Stage & Screen
Opera: Meet the Singers (with a teacher)
This activity is for classroom use. Your teacher will have further material to use alongside the clips and information below.
SECTION 1: The singers
In small groups, we’re going to play a game to see if you can organise yourselves in a line from a low-sounding pitch to a high-sounding pitch. The challenge is that everyone in the group has to sing a different note! Your teacher will give you instructions.
Once you’re in a group, start by seeing who in the group can sing the lowest note and who can sing the highest note!
Now we’re going to see if you’ve completed the challenge successfully. Starting with the lowest note, each person should sing his or her note in turn: is each note different and do they steadily get higher the further along the line you go?
You may have noticed that some people can sing lower than others and some people can sing higher than others. The range of notes you can sing tells you what sort of voice you have. In opera, singers will often be given a specific type of character for the type of voice they have.
Look at the image below: can you match the three most important voice types in opera to the correct types of character?
SECTION 2: Guess who?
Listen to the following pieces of music and see how easily you can hear whether the singer is male or female:
Now we’re going to make it more challenging! You’re going to listen to the pieces of music again, but this time decide exactly which voice types are singing: soprano, tenor, bass or a combination?
Remember that in these extracts, the soprano voice is the only female voice. The tenor and bass voices both belong to men!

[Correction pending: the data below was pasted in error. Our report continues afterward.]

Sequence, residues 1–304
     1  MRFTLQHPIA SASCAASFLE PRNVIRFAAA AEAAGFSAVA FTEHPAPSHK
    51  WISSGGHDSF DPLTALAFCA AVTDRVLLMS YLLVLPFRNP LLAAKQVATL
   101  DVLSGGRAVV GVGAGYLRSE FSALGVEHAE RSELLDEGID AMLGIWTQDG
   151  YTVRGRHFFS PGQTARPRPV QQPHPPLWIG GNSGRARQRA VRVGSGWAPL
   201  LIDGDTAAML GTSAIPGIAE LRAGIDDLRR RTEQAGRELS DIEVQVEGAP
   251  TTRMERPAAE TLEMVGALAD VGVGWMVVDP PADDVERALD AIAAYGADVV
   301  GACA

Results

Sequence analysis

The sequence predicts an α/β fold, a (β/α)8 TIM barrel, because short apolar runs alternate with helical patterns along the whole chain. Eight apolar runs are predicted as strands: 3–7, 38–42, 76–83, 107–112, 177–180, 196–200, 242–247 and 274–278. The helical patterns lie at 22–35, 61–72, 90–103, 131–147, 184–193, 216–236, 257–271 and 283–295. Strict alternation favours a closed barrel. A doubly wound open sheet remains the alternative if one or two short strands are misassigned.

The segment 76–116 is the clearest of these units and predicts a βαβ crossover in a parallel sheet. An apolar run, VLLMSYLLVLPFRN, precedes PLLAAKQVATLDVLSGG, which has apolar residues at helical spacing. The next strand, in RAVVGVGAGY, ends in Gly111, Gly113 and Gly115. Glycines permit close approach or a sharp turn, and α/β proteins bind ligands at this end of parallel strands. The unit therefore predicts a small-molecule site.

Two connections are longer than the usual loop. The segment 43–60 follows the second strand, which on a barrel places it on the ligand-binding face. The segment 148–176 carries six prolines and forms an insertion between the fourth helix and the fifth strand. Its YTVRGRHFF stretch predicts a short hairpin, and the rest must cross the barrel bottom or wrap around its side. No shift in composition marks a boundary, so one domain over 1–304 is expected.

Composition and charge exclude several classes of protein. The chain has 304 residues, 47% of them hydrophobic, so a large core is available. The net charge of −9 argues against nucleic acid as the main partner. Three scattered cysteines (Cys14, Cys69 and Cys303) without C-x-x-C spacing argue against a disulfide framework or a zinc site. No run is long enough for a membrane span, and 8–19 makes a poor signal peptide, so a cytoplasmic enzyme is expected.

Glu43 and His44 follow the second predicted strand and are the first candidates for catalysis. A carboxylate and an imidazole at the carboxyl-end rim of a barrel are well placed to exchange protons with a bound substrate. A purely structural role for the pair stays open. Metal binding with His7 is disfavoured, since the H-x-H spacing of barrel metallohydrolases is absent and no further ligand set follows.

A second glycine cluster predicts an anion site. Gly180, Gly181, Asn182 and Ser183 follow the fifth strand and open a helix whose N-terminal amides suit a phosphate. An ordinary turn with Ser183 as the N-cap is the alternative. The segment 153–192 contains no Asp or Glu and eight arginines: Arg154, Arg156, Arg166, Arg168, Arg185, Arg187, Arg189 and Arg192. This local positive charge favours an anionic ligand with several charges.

SECTION 3: There are more…
Now that you’ve got to know the main types of singers in an opera, it is time to introduce you to two more voice types that you may not have heard before! What name can you come up with for a male singer that sounds very high and for a female singer that sounds very low?
A very high male singer is called a countertenor and a very low female singer is called a contralto or often just ‘alto’. Now let’s see who can correctly identify the singer in the following pieces of music. Each piece is either a soprano, contralto or countertenor.
SECTION 4: Singing in an opera house
Look at one or two of things that singers have to do in an opera house. Can you think of other things they either need to do, or qualities they need to have?
The singers on stage have to be able to sing in many different ways, from loudly to quietly, fast to slow and high to low. This is often according to what they’re directed to do by a conductor or director. So now you’re going to see how well you can change the way you sing in a game called ‘Sing like a star’! Your teacher will explain the rules to you.
Bass: A low male voice
Contralto: A very low female voice; often shortened to ‘alto’
Countertenor: A very high male voice that has the range of a low female singer
Dynamics: The volume (degrees of loud and quiet) in a piece of music
Pitch: Whether a note is high or low
Soprano: A high female voice
Tempo: The speed of a piece of music
Tenor: A high male voice
Vocal range: From the lowest to the highest note of a singer’s voice
All media credits – titles, composers, artists, sources etc. – may be found in the Teacher Sheet, accessed from the Info box at the top of this page.